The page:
# What is QKD?

Security is an endless game of cat and mouse. Throughout the history, people have built the castle walls higher and thicker, yet this has not prevented the marauders find a clever way inside. The history of cryptography narrates stories of many so-called unbreakable codes that have been cracked. This is due to the fact that conventional cryptosystems offer only computational security based on some mathematical complexity of the encryption. A breakthrough in quantum computing would leave today’s cryptosystems totally vulnerable to threats and ,for example, make electronic money instantly worthless.

Based on the firm laws of physics rather than unproven foundations of mathematical complexity, **quantum cryptography **provides a radically different solution for encryption and promises unconditional security. An end-to-end quantum cryptosystem includes an initial phase of **quantum key distribution (QKD)** and subsequent encryption. The first QKD protocol proposed by Bennett and Brassard is today widely known as BB84 which uses polarised photons to transfer the key between two points.

# How does QKD work?

Assume the transmission of binary ones and zeroes and let them be represented by either rectilinearly (i.e., vertical or horizontal) or diagonally (i.e., left-diagonal or right diagonal) polarised photons. Alice (transmitter) randomly swaps between the rectilinear and diagonal schemes, known as “bases” in quantum cryptography terminology, during transmission. Bob (receiver) measures the photons in one of the two bases chosen at random. The choices of basis made by Alice and Bob thus comprise two independent random sequences. Therefore, about half of the basis choices will be the same and are called the “compatible” bases, and the other half will be different and are called the “incompatible” bases. After transmission and measurement, Alice and Bob compare publicly, making use for this purpose of a classical communications channel, the two independent random sets of polarization bases that were used, without revealing the polarization states that they observed. The bit values of those polarization states measured in the compatible bases yield the “sifted key.” Any adversary Eve can intercept both the quantum and the public classical channel, but thanks to the non-cloning theorem of quantum physics, she will not be able to measure the polarizations without revealing her presence, since she cannot know the random basis choices in advance.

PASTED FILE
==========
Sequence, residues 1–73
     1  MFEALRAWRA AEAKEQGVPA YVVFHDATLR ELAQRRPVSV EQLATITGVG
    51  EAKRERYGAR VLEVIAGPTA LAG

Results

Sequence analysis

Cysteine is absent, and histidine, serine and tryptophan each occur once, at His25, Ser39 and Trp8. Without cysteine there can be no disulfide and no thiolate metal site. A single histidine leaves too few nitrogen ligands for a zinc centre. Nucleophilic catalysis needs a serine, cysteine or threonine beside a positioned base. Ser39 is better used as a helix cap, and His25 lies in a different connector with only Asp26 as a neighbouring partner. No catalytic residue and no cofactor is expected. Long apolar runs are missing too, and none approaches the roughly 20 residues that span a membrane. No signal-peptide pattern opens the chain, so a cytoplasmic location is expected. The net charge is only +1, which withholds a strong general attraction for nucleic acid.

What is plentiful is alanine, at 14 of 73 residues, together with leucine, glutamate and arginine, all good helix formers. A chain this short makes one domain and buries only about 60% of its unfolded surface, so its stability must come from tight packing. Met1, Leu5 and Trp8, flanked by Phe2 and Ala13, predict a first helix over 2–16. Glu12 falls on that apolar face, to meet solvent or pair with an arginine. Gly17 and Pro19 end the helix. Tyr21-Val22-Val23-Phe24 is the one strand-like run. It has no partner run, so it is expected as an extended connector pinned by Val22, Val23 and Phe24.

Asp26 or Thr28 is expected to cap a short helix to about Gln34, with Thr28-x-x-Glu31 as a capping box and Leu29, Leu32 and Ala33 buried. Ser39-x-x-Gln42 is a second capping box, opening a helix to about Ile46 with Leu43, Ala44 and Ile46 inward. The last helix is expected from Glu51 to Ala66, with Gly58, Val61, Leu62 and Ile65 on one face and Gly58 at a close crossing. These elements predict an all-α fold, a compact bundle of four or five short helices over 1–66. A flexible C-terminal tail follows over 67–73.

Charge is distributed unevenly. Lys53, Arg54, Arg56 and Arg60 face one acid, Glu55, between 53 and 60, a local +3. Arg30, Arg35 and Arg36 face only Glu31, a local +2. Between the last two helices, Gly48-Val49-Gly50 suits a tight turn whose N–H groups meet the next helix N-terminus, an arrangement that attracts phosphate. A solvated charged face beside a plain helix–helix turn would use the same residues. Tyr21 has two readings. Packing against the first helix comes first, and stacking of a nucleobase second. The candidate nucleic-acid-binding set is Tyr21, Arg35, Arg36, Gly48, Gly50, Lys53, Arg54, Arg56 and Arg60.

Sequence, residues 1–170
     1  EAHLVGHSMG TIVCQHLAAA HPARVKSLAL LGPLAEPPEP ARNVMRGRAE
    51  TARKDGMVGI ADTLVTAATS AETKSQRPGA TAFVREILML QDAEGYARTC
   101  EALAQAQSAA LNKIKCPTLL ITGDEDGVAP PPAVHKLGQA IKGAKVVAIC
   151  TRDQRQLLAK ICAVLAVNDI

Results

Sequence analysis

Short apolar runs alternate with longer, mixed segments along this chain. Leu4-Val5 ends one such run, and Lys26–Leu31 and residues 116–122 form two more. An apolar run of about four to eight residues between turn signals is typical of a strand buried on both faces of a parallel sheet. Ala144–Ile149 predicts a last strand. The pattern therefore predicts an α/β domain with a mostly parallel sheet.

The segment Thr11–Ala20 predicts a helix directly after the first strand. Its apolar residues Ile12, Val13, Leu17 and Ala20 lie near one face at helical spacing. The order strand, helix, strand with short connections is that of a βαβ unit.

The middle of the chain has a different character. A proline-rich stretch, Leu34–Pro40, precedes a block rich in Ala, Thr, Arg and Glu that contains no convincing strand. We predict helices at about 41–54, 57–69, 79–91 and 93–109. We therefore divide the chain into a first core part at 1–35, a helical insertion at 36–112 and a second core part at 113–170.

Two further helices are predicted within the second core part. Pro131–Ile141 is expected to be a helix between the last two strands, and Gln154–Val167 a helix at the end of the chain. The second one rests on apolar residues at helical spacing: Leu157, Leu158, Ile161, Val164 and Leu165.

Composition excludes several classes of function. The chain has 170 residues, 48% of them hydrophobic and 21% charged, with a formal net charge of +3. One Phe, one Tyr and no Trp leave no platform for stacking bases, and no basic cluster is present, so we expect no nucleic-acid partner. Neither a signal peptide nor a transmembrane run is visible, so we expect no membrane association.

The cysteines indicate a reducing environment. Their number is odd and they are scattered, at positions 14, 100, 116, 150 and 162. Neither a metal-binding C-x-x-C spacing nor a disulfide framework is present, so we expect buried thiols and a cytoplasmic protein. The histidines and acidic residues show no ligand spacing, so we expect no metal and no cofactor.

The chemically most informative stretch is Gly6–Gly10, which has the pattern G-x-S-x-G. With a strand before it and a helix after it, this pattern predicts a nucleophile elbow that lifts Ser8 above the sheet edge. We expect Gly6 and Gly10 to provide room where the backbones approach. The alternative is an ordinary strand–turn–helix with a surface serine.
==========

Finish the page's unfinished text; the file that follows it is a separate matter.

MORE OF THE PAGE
# Applications of QKD

**Banking & Finance**

**Defence & Military Applications**

**Telecommunication**